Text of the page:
By Mr. Kevin Stabinsky (IMCOM)June 5, 2009
Even as a child, Jonathan Ayers displayed characteristics that made his father Bill realize the military was probably in Jon\'s future. At the age of three, Jon had approached his father, looked down at Bill's shoes, and told him that they were dirty and needed to be cleaned.
"That was Jon. He loved the spit and polish," Bill said.
It was that love of the military, its culture, and more profoundly, the love of his fellow man, which would allow Jonathan to accomplish more in his short tenure in the Army than many others. And now, as of May 20, those personality traits will continue to live on and affect all recruits entering the military service at the Atlanta Military Entrance Processing Station (MEPS) on Fort Gillem.
On May 20, the swearing in room, where recruits take the oath of enlistment, was dedicated as the Cpl. Jonathan Ayers U.S. Army Ceremony Room.
Ayers, who processed through the station in April 2006, was killed while deployed with 2nd Battalion, 503rd Infantry Regiment (Airborne) 173rd Airborne Brigade Combat Team, Vicenza, Italy, in support of Operation Enduring Freedom (OEF). The dedication of the room in his name was designed to dedicate and remember his service, honor his legacy, as well as those yet to be created by men and women and women who take the oath and allow us to be free, said Maj. Adrian Hughley, commander, Atlanta MEPS.
The dedication of the room wasn't just done because Jonathan processed through the station. His character, described by Hughley, was also a justification.
"Jonathan was the commander of his high school JROTC (junior reserve officer training corps), voted most outstanding commander and played soccer as a defender," Hughley said. "On July 13, 2008, he showed he was a great defender."
On that day, in what would turn out to be one of the worst dates in terms of casualties suffered in during the War on Terror, nine Soldiers, including Ayers, were killed and 15 wounded during an insurgent assault on Combat Outpost Kahler, located Wanat, Afghanistan, near Pakistan border.
Unlike many typical ambushes conducted by insurgents, in which small teams of men perform hit and run tactics, on that day approximately 200 Taliban fighters attacked the base with small arms, mortars and rocket propelled grenades.
According to the MilitaryCity.com article, Hard-hit C Company suffers another agonizing blow, by staff writer Michelle Tan, the insurgents outnumbered Coalition Forces by at least 2 to 1. Yet despite the numerical superiority, the base was held and the insurgents driven off, a result in which Ayers played a vital role.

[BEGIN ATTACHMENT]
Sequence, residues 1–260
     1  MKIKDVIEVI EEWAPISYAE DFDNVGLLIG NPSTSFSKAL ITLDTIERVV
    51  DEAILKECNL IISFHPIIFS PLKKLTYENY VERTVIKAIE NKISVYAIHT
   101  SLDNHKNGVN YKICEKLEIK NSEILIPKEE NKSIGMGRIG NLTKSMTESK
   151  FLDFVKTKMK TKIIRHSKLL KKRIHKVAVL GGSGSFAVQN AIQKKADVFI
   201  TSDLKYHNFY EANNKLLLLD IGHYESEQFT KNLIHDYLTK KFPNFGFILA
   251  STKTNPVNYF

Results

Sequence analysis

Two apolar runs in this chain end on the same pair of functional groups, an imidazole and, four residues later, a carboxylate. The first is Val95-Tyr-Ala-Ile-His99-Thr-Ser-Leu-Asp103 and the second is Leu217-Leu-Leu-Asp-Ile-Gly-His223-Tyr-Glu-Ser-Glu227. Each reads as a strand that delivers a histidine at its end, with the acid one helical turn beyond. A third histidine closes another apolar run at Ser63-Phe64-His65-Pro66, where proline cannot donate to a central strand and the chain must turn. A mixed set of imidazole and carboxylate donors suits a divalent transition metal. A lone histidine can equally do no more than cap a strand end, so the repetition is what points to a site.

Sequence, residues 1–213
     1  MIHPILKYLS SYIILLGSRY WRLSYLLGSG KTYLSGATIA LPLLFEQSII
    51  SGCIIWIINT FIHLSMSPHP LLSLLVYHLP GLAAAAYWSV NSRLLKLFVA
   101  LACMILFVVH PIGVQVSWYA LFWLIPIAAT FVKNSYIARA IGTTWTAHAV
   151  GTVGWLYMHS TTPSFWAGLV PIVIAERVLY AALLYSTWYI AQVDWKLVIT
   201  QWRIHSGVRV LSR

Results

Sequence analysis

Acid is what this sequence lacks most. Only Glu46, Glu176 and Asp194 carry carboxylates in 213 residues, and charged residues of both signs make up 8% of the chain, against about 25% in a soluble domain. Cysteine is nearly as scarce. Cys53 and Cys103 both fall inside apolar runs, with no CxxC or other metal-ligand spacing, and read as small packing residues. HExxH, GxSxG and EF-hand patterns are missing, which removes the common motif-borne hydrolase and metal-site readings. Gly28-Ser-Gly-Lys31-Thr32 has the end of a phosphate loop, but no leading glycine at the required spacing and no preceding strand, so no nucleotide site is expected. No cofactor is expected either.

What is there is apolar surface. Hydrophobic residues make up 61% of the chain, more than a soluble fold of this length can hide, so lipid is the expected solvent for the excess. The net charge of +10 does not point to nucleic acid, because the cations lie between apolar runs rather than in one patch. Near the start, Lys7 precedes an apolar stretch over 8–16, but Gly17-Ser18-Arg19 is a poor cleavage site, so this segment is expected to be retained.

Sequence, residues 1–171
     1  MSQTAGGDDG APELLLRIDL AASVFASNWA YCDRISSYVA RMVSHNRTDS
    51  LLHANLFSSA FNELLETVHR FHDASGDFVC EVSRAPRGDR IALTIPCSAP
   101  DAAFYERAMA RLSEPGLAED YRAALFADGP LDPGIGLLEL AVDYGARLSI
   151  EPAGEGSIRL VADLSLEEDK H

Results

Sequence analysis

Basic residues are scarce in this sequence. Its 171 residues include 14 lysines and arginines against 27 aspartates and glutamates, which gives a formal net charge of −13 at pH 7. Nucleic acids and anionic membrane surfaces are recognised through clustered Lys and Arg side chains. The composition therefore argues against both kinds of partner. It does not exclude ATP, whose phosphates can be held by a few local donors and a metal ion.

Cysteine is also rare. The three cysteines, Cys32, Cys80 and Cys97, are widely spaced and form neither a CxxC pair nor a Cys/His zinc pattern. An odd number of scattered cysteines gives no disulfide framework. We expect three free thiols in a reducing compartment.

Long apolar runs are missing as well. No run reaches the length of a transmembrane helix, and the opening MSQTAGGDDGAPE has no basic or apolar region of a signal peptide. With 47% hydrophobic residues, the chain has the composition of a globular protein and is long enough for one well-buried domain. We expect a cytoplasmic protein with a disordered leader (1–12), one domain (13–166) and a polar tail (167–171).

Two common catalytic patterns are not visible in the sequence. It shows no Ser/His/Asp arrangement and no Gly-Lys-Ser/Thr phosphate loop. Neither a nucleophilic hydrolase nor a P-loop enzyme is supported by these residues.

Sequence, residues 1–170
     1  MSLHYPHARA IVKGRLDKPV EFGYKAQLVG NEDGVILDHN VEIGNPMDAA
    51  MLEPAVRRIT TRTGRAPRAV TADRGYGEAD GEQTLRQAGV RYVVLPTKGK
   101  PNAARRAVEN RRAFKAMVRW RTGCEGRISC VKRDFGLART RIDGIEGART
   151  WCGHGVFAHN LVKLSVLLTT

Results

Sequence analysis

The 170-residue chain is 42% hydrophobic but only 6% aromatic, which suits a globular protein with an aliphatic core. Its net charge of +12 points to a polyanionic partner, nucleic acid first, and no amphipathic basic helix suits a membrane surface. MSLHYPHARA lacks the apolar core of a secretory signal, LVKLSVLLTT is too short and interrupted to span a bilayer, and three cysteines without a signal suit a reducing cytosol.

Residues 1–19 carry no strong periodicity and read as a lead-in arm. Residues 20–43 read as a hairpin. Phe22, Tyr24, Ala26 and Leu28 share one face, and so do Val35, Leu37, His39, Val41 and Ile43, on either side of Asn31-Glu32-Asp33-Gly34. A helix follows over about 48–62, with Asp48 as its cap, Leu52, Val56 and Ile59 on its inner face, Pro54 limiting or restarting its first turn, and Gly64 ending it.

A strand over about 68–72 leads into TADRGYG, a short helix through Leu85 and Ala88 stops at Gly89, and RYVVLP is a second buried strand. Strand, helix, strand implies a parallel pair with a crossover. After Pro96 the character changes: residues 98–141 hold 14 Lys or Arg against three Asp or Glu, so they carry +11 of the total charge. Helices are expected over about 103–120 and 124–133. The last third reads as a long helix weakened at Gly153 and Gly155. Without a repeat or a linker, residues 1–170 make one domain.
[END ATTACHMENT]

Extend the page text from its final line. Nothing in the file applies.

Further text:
"The men who with him say he truly saved their lives," Hughly said.
Witnesses of the day describe Ayers action like that of a Hollywood movie. Despite heavy fire on his position, Ayers stood his ground, laying down continuous fire with his M-240 Bravo heavy machine gun, keeping the enemy away from the position. Even after being knocked down by a bullet grazing his head, Ayers got back up and continued to lay down fire, stopping only when he was finally killed by enemy fire.
For his actions, Ayers was posthumously awarded the Silver Star, the third highest military award for valor.
"He was very caring, didn't want to see people hurt," said Jonathan's mother Suzane. "He was a good kid. He'd do anything you asked him to do."
And that included paying the ultimate price, a sacrifice which hollows the ground dedicated in his honor, said Col. Barrye Price, commander, eastern sector, U.S. military entrance processing command.
Noting that a nation who forgets its defenders will itself be forgotten, Price said the dedication was about the renewal of Jonathan, capturing his history. But it was also about the future as well, the creating of a legacy projected forward in time.
Part of that legacy will be created by those who take the oath to continue to serve, something three recruits did immediately following the dedication ceremony.
By having recruits enlist in a room bearing his son's name, Bill said he hopes those enlisting gain a deeper appreciation for what they are doing and the sacrifices they are making.
After thanking the new recruits for their service, Price also thanked the Ayers family for allowing the station to honor their son, an honor the family was proud to receive.
"It's a great honor," Suzane said of the dedication. "The Army's been wonderful. The Army said they'd always be there for us."
And now, with the dedication capturing part of Jonathan's spirit, he will always be with the Army he loved, a contribution truly fitting for Jonathan, whose name means gift.